A basic torsion box is composed of two types of parts: skins (the top and bottom) and webs (which form an internal grid, and include the sides of the box). Skins are usually made from an engineered material, such as plywood, MDF or hardboard. The webs and sides may be made from engineered material or solid wood. The web pieces do not need to interlock, as mine do, but it is quicker and easier to make the grid that way. Plus, the box will be stronger.

I used 1/2" MDF for all three parts. Though heavier than plywood, MDF has a more consistent and uniform structure. It is flat and stays flat, if properly stored. It has no internal stresses, resists compression and tension along the surface, machines easily, holds glue relatively well, and is relatively inexpensive. Using the same material for all the parts minimizes the amount of sheetstock you have to buy, and gives you more flexibility in cutting it up.

MDF that’s 3/4" thick would work, too, but there’s no significant advantage to it (see Torsion Boxes–The Real Story, above). Material that’s 1/2" thick strikes just the right balance, I think–it’s thick enough so you can safely nail into its edges, but thin enough to make a large table that's light enough to move.


Cut the web pieces

1. You will need only two sheets of 1/2" MDF to make the skins (A), web pieces (B and C) and sides (D and E). Break down the sheets into manageable pieces (Fig. E), then cut all the parts to exact dimension (see Cutting List, below). Rip the web, sides and leg socket reinforcing parts (F) at the same time to ensure they’re exactly the same width.

2. Set up your tablesaw to cut halflap joints in all the web pieces (Photo 1). First, adjust the width of a dado set to just a little bit over 1/2", or whatever it takes so the parts will easily slip by each other. Make an indexing jig to space the notches (Photo 2 and Fig. B). The jig is just a fence for your miter gauge with a small notch cut into it, plus a pin to fit the notch. Cut the notch after you’ve adjusted the width of the dado set. Set the distance between the indexing pin and the blade (for this web, it’s 7-1/4"). Raise the blade to cut a notch 1/32" deeper than half of the pieces’ width (for these 2" wide pieces, make the notches 1-1/32" deep). You don’t want the notches bottoming out when the web is assembled.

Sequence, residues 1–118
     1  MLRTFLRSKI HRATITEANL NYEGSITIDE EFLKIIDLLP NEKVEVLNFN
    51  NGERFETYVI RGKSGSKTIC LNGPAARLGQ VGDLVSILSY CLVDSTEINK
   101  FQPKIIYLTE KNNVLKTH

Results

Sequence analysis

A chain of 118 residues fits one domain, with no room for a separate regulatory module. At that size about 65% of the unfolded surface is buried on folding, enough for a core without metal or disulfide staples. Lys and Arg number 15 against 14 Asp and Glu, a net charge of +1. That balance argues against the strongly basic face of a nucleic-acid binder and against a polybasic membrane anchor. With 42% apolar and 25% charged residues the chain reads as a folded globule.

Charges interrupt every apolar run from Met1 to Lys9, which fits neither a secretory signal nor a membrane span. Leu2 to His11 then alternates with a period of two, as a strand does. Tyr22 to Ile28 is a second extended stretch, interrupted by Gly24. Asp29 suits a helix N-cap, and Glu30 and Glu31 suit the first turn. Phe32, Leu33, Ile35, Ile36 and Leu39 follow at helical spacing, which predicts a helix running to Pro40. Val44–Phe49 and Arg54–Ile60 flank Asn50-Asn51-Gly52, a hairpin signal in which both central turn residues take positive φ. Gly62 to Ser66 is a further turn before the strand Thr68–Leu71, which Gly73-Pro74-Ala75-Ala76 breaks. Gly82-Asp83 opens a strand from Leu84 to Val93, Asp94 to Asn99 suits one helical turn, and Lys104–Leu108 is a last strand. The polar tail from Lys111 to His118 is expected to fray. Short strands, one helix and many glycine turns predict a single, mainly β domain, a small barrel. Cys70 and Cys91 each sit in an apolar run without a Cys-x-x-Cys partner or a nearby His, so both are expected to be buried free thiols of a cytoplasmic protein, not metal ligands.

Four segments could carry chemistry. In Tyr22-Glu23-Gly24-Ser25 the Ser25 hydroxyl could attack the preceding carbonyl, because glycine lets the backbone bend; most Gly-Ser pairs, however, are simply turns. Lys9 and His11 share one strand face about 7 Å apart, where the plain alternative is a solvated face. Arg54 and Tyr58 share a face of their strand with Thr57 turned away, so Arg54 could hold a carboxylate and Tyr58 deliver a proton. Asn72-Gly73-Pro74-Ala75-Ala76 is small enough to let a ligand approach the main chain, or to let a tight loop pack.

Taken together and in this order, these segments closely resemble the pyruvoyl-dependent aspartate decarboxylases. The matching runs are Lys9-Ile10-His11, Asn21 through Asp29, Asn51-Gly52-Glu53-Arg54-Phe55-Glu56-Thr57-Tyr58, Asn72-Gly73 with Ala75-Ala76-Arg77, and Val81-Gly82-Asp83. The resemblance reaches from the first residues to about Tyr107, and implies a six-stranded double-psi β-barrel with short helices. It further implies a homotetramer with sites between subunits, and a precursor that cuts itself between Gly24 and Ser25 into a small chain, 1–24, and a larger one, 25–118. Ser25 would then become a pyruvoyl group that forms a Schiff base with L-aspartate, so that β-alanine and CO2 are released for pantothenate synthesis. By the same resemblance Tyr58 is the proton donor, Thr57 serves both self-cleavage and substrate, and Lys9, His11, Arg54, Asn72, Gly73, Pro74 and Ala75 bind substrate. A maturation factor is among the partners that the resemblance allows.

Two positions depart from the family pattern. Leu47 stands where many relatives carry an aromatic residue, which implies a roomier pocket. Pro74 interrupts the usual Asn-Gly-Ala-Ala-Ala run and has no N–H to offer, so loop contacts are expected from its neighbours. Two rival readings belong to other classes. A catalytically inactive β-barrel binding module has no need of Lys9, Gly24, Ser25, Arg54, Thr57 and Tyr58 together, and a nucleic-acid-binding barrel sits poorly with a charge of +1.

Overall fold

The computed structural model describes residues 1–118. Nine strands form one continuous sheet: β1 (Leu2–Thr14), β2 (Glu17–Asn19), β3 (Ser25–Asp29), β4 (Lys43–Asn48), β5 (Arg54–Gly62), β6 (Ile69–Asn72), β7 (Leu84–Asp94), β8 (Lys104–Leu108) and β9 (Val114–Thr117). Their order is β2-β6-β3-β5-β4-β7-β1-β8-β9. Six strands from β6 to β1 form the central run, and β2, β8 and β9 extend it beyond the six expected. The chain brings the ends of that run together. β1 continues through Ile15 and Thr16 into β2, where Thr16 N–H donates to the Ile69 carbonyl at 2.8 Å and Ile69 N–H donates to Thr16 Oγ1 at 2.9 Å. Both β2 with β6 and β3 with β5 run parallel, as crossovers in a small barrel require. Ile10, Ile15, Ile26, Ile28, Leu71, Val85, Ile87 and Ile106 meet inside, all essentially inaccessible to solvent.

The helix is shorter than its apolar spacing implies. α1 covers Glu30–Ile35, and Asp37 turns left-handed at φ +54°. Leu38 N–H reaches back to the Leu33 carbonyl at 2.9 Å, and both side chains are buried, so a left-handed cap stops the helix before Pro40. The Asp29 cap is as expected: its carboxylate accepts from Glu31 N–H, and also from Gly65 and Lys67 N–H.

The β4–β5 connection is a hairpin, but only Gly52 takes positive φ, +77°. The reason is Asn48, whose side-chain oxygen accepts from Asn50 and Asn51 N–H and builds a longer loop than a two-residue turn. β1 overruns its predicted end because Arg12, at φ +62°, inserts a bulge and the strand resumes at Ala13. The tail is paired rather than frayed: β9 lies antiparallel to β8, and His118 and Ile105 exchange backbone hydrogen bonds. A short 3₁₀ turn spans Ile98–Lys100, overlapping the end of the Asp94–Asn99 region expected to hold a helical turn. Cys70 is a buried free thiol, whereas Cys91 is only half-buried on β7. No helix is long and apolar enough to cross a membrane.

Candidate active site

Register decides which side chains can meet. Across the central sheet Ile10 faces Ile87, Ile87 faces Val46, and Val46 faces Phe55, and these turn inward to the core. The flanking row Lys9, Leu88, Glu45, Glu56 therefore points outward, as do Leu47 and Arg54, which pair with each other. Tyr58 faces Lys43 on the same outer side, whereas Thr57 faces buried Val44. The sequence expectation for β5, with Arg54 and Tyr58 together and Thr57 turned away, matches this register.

3. Cut the half-lap joints (Photo 3). Make the first cut with one end against the alignment pin. Slip the first notch over the pin and cut the next one. Repeat the process until all notches are cut in all web pieces. The distance between the last notch and the end of the web piece may be slightly different than the spacing between the other notches, but this is not a problem. Mark an "X" on all pieces at the end you started cutting from. Place all the "X" ends in the same direction when you assemble the web.


Build a construction platform

4. To make a torsion box that’s flat, you must build it on a flat surface. The best strategy is to make a temporary construction platform that you can adjust to become absolutely flat (Photo 4). All you’ll need is a pair of sawhorses and some straight and knot-free 2x4s (Fig. C). Joint one edge of all the 2x4s and run them through the planer so they’re all the same width. Place the sawhorses approximately 3' apart. Secure them to the floor with screws, nails, hot melt glue–whatever–so they won’t move. Add bracing, if necessary, to make them stable and rigid.

5. Place the long 2x4s on the sawhorses, then use hot-melt glue to attach the short 2x4s on top. Make a pair of winding sticks by jointing and ripping two thin boards that are 2" to 3" wide by 4 ft. long. Paint one board white and the other black. Place the winding sticks on the first and last supports. Sight across the winding sticks (a white backdrop helps) and insert shims under the long supports until the top edges of the winding sticks are parallel. Without disturbing the platform, securely attach the long 2x4s to the horses with hot-melt glue.